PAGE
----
A BRIDGE FOR INFRASTRUCTURE
Yamini Sequeira heeds the call by development bank heads to bridge the global infrastructure gap
The theme of the Global Infrastructure Forum 2018 – ‘Unlocking inclusive, resilient and sustainable technology driven infrastructure’ – was addressed by heads of leading multilateral development banks on 13 October in Bali.
Organised by the Asian Development Bank (ADB), the event comprised two opening sessions: the first looked at how technology such as solar energy systems, blockchain and big data can be used to make infrastructure more sustainable; the second session discussed how private infrastructure finance can be increased.
Subsequent sessions looked at using technology to achieve the crucial but difficult ‘last mile’ of getting services to end users, good practices in scaling up investments in infrastructure, ways of financing the global infrastructure gap and maximising innovative climate finance for sustainable infrastructure.
The ADB noted that infrastructure needs across the world are huge. An estimated one billion people have no access to electricity while over 660 million have no access to clean drinking water. New technologies and approaches, such as smart transport systems and innovative climate finance, can help fill the infrastructure gap. They can also help build infrastructure that could withstand climate change and natural disasters.
Persistently high levels of inequality pose a challenge to robust economic growth and sustainable development. Declining private investment in infrastructure and a renewed increase in global carbon emissions in 2017 are stark reminders of the inability so far to sufficiently align investment with long-term sustainable development.
The current cyclical upturn in the world economy provides an opportunity to focus policy-making on addressing longstanding concerns and accelerate the pace of progress towards the Sustainable Development Goals (SDG). Without long-term investment on the horizon, certain risks such as those from climate change will
not be incorporated into decision making.
Technology has the potential to support progress across the SDGs. Jiang Yang is an entrepreneur from China who has developed a map based public participation platform focussing on space quality and livelihood. He emphasised that “data is essential to the process of creating opportunities for doing business, inclusiveness and improving the livelihoods of people”.
African Development Bank’s Director for Energy Financial Solutions, Policy and Regulation, Wale Shonibare averred: “Smart technologies and creative financing models could facilitate business, inclusiveness and improving livelihoods across the continent. We have to look for more ways of scaling up access.”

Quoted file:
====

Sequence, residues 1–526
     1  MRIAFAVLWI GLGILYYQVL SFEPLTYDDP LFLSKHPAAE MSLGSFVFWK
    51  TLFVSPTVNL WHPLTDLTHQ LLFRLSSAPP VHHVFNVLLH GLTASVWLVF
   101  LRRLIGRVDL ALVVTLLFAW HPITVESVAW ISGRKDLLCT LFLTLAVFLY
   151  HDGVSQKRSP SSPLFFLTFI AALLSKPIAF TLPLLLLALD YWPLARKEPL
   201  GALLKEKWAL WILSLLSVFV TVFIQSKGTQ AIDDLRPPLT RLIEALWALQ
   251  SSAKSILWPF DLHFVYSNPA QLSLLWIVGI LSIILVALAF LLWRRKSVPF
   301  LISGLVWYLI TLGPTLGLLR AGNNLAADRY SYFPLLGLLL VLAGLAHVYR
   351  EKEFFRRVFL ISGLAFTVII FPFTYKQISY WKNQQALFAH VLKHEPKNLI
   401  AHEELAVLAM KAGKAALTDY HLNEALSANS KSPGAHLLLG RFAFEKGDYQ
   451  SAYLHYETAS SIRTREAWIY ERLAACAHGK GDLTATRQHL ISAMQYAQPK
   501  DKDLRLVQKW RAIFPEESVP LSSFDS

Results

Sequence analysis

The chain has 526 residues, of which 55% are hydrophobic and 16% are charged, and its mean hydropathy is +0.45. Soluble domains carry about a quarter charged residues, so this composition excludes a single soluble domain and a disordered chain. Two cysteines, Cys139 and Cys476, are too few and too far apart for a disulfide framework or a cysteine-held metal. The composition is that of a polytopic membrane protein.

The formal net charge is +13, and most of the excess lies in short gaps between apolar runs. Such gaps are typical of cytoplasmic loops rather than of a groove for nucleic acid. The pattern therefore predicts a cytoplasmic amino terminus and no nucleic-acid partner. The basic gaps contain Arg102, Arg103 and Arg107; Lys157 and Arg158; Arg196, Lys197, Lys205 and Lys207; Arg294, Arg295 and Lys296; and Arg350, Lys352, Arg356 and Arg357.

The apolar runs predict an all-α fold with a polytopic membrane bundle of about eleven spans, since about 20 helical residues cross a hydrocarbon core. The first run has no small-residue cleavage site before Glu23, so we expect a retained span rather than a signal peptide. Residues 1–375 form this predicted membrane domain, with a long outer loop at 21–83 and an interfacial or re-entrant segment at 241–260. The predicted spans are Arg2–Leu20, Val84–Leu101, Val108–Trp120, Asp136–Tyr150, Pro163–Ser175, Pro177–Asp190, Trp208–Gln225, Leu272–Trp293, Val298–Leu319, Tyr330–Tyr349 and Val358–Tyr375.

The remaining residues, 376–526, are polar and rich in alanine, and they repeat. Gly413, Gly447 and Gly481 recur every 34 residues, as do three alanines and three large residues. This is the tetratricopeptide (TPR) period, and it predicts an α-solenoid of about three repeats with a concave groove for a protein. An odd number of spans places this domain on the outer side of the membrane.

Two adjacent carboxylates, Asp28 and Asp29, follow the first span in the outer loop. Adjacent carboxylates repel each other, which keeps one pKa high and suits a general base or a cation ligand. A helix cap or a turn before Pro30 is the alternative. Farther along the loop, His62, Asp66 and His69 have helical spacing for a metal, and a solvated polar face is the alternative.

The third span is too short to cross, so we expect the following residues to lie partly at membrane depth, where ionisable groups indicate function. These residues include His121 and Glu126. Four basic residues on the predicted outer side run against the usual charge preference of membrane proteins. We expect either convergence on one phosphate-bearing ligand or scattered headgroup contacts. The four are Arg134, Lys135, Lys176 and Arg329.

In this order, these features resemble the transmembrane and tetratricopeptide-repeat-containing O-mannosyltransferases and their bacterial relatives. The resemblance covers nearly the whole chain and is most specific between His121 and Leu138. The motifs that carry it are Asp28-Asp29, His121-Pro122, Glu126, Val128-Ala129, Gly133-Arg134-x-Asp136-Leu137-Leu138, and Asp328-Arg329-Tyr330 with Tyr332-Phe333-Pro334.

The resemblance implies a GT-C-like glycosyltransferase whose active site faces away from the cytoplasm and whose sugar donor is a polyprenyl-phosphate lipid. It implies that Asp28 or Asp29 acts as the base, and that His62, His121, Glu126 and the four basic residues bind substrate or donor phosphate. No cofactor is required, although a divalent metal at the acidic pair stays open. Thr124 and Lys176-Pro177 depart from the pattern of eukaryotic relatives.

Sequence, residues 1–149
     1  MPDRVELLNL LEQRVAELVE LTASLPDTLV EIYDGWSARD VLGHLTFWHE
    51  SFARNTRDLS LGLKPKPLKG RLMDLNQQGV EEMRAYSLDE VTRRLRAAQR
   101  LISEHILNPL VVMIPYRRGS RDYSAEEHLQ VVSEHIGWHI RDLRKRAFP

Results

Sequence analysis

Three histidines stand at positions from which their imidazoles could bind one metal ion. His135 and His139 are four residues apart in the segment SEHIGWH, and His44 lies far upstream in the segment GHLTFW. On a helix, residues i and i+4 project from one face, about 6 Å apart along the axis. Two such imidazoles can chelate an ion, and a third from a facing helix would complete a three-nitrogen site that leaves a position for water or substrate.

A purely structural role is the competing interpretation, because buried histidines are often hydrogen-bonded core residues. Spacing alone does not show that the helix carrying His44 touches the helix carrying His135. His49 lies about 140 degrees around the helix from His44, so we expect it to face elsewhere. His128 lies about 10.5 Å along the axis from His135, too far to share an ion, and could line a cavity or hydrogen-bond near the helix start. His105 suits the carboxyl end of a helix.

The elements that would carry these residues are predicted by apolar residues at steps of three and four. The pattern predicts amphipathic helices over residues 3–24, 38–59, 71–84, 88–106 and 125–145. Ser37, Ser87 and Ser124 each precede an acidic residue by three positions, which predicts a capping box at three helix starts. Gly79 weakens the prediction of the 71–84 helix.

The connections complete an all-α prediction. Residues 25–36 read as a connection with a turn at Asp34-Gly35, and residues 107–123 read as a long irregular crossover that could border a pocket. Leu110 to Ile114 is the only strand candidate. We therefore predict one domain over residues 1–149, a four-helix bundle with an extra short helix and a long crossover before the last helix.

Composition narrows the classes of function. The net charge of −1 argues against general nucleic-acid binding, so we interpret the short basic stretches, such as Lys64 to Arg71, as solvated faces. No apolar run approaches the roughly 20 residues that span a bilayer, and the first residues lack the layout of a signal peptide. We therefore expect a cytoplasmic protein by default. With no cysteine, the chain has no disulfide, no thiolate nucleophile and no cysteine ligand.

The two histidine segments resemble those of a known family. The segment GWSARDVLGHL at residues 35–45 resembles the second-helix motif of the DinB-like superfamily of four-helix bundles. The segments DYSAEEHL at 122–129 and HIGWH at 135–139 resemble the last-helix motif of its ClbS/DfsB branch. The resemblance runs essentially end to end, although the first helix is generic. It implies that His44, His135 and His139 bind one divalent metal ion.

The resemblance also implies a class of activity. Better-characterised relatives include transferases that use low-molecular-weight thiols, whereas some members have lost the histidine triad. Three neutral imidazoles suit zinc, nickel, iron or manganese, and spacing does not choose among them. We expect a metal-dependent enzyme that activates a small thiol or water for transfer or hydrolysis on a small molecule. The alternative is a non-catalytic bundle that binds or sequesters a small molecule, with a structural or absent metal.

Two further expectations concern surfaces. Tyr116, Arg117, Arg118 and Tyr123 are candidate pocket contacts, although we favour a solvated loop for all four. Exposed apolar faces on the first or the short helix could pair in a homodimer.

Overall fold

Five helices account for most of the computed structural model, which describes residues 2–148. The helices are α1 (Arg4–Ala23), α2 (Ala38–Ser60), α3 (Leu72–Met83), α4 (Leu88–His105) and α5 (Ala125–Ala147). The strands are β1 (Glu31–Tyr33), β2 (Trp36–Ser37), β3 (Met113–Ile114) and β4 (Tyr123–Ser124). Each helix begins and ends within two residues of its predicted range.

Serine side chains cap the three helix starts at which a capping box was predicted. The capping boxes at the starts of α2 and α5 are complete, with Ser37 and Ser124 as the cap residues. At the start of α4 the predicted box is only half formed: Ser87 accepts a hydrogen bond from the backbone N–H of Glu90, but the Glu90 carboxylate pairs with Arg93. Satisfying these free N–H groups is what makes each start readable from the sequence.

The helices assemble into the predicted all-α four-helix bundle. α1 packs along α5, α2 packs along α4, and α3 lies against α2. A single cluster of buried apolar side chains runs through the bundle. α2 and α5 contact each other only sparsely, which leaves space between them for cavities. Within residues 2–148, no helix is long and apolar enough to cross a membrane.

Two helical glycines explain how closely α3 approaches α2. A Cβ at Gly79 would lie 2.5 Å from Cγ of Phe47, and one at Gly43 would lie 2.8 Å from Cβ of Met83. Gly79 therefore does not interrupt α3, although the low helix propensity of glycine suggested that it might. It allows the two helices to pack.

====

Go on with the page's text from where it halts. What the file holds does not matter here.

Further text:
The potentially higher returns over the long lifetime of infrastructure projects are an ideal match for institutional investors – if only they can be convinced that well-structured developing country projects are close enough to an allowable asset class.
Meanwhile, the ADB notes that for its part, governments have come to accept the lesson that they should no longer incur further direct debt on their balance sheets. And most politicians are loath to impose new or higher taxes on present users, or potential customers of future infrastructure projects.
Private sector investors do have an appetite to take on a project if they trust the country’s political risk and legal environment, believe the issuer is reliable and creditworthy, and estimate that the revenue derived from users is sufficient to service their debt.
The ADB revealed that the consensus at its 2017 edition of the forum was that the money needed to bridge the infrastructure gap exists. But it noted that the problem lies in bridging the gap between projects and investors.
A central issue to assess bankability is data availability. Fund managers need historical data to understand the characteristics of the assets they’re investing in and a universally accepted method for valuing assets once the holdings are in their portfolio. In general, projects with built in cash flows are most attractive to investors. They are far more confident about returns when projects such as power plants, airports or ports are likely to have users who are willing to pay for them.
However, a major investment concern surrounding infrastructure projects is the long period before it generates revenue. Infrastructure projects take time to be fully developed and even when they’re completed, it often takes years before they generate positive cash flows.
This extended payback period diminishes liquidity and amplifies political risks as the project might span multiple election cycles. Many consider this as simply another way of passing the ultimate payer responsibility back to impoverished governments without tapping new private sector money.
Closer to home, these are issues that Sri Lanka faces as it forges ahead with its infrastructure development plans to upgrade the sea, air, road, power and the telecom backbone of the island. How it structures the financing of these mega developments without mounting debt remains to be seen.
Incidentally, Sri Lanka’s success in developing basic infrastructure such as a road network density of 98 percent is the highest in South Asia. And according to the Global Competitiveness Index 2017, Sri Lanka is ranked 73rd out of 138 countries for infrastructure development.